4. I have had that decision a number of times and been present for others as a vet tech in the clinic Never Easy. For myself when their bad days out number the good I begin to know it is time. One bc came as a pup, my first Border Collie. It was sudden with him, even with hm 16. Ate supper one night several hours later could not stand, next morning no better. My other bc at 15.5 suddenly was super confused. Would get behind an open door or in a corner and not be able to get out. A couple days later was not eating much. He lived and worked beside me with so much thought and dignity I was not going to let him end his days like that. I felt it was time. I try to do what is best for them, they give me so very much over the years. It is the least I can do for them. Rear leg weakness is common with advanced age. I will help them as long as they seem happy or content but there seems to came a time when it feels 'right'. Not easy but right. Just have to remember all the wonderful things he shared with you.
  5. I too have used pepcid or tagamet 30 min before a meal, some vets have a preference which to use. I also have fed boiled or cooked in a crock pot chicken, grilled chicken breast, liver, sweet potatoes, pasta,cottage cheese, eggs, carrot, beans... Some dogs eat when fed on/in something else like paper plate. Don't know why but it makes a difference. Sometimes warming it up a bit makes a difference. I think they eat better if I cut everything up small so they do not have to chew as much. I also tend to add a bit of water thinking they do not drink as much either. Pretty much whatever they eat is offered two or three times a day.
  6. Donald wrote, "Identifying the problem is more than halfway to solving it." I think finding the answer To WHY they do or do not do things is always pivotal in coming up with a solution. Having someone else give you a different view can be super helpful. One of the reasons I have clinics here is so I can work dogs with clinicians watching since they see small things that I often miss with my own dogs. More times than not the problem is something I need to change. One step, different tone, relaxing myself and remembering to breath - it all makes a difference to the dogs. Jack often says "The smallest change is the biggest answer" It is amazing to me how much better the dog works when I am relaxed.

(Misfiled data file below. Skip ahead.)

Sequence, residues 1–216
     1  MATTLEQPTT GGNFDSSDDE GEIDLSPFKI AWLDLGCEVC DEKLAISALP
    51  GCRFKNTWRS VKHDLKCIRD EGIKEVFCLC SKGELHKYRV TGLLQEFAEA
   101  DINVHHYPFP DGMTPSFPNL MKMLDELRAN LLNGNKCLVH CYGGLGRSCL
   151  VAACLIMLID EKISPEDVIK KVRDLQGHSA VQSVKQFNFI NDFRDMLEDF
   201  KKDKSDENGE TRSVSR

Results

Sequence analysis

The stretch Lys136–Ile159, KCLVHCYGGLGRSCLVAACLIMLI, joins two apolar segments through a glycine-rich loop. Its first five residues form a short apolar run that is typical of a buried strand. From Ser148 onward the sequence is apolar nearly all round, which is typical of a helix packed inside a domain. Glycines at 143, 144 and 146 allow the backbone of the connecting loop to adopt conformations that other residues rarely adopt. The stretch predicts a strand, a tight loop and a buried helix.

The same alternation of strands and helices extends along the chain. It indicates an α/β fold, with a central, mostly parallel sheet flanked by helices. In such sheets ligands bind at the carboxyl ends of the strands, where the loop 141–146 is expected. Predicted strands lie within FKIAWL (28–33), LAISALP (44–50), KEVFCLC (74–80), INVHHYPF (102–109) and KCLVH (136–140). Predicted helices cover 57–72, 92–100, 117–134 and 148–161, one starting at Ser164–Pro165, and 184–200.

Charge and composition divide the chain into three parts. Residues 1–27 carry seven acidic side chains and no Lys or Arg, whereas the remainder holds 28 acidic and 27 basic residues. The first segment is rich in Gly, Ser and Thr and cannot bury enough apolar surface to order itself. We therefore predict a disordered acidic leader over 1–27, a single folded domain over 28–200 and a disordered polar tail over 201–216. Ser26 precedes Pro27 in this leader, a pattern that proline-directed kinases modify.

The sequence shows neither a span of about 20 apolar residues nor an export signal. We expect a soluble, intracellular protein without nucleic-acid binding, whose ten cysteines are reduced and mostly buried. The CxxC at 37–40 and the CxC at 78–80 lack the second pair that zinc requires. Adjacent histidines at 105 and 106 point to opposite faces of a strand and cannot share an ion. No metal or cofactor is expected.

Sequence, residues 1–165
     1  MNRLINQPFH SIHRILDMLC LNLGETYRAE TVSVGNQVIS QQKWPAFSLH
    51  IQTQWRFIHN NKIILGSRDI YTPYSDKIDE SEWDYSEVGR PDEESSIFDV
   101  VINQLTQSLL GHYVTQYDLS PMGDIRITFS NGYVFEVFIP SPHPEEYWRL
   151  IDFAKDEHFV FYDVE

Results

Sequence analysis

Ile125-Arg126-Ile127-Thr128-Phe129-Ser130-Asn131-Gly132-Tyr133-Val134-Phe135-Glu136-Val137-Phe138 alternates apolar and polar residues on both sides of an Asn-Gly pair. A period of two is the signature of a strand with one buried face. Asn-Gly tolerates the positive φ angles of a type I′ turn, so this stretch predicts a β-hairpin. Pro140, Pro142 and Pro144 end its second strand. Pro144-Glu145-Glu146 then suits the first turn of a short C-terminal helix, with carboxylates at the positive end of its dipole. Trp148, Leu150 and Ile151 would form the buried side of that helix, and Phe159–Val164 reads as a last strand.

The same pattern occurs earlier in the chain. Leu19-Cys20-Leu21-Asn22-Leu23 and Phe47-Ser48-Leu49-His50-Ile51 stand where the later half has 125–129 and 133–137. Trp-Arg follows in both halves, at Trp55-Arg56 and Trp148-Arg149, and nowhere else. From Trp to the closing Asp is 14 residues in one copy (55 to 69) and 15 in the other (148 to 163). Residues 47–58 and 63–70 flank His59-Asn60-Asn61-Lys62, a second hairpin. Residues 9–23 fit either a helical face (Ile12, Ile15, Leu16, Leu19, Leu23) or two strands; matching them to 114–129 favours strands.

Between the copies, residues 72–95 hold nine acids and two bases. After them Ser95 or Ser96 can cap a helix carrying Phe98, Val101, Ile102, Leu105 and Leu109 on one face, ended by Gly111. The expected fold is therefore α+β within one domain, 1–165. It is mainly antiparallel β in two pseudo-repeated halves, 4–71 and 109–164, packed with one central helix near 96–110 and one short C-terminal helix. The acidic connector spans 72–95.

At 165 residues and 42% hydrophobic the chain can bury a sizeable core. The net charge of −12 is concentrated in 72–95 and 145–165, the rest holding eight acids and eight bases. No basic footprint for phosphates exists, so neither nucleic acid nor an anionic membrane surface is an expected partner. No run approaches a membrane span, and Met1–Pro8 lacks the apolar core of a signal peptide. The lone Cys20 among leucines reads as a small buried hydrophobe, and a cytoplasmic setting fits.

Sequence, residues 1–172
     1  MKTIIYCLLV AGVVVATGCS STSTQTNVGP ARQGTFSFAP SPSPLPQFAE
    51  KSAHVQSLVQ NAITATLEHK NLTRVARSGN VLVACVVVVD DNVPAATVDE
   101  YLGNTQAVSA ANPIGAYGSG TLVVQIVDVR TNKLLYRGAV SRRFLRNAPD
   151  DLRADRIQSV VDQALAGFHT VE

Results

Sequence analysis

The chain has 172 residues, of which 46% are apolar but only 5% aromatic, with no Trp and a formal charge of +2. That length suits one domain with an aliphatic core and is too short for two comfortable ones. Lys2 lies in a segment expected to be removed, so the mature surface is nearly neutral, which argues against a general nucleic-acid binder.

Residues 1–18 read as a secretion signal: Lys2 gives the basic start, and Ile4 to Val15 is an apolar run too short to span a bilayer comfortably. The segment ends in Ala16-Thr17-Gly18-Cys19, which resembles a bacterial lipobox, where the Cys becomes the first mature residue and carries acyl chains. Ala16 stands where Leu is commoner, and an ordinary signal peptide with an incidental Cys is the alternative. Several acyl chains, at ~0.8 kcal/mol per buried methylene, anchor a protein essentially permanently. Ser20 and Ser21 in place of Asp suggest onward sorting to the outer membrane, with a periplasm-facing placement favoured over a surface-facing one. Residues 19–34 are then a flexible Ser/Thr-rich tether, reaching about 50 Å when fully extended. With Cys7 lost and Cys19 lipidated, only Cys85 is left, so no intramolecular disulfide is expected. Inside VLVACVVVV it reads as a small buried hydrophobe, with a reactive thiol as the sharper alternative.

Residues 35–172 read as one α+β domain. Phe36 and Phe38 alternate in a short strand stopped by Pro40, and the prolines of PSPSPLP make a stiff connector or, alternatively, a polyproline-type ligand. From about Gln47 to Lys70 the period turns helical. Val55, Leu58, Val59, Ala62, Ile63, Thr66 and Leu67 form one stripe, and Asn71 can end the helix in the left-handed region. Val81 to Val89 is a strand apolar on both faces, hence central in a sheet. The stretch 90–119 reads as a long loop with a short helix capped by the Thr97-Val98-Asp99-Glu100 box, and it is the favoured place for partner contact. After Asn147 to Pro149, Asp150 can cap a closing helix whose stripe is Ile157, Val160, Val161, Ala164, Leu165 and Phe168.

7. I try to always watch the dogs close enough to be aware of what they are thinking, or at least question what they are thinking - both on stock and off. I believe if you are observant they will teach you more unspoken lessons than you will ever learn from words. This education they provide is true for stock but has a much wider application. They have taught me about myself and life lessons that might only come by watching and working with them. I have been very fortunate to watch good shepherds work beside some awesome and not so awesome dogs. At times it is those dogs that extra effort from us that teach us the most. When I step back and am quiet allowing the dog to do the job the way they see best often results in me realizing that I should have stepped back lots sooner. Sometimes I have the mistaken idea they should work the way I see fit. They remind me that they know more about stock than I ever will. I was having a few issues with a young dog several years ago. He was great at a large group of sheep but not so good with a small group or single. He had great flanks and pace and very natural driving. I was using him for chores all the time. I really liked him but shedding was frustrating and at time he would buzz and grip on one flank. It was Jack that pointed out "He is uncomfortable close to sheep." I thought What the Heck, what does that mean I use him all the time... Jack is a man of few words, despite questioning him I did not get other clues to what he was seeing that I missed. I spent the next 6 to 8 months working and watching the dog wondering what Jack saw that I still didn't. I began working the dog in places where he was uncomfortable on occasion to try to work through some issues instead of chalking it up to a young male thing. Finally saw the problem - of course Jack was right - I could see in small spaces next to sheep he was worried. Now that I could see it I could begin to help the dog relax by using my tone and position. Understanding led me to help rather than correct which only added to the dogs tension. We are lots better now but it due mostly to Me changing rather than the dog changing. I simply stopped making it worse allowing him to relax and think then helped when he needed it. Periodically we work in small places, invent work if I need to, just to remind him and myself that we can do it. Now as part of my training when dogs are young and just starting I work in a packed pen of nice sheep to expose the dog to working up close and walking through sheep calmly. We get that lesson under our belts then easily come back later on to work on bringing sheep out of corners, shedding and look backs. It has a difference. I think we are often concerned about the dog being off sheep that we don't allow them to learn how to be nose to nose and relax. The more varied circumstances we place ourselves and our dogs in the more we are able to learn when we ask WHY, What caused that, What did I do to make the dog do that... instead of simply thinking they should do blah blah because we say.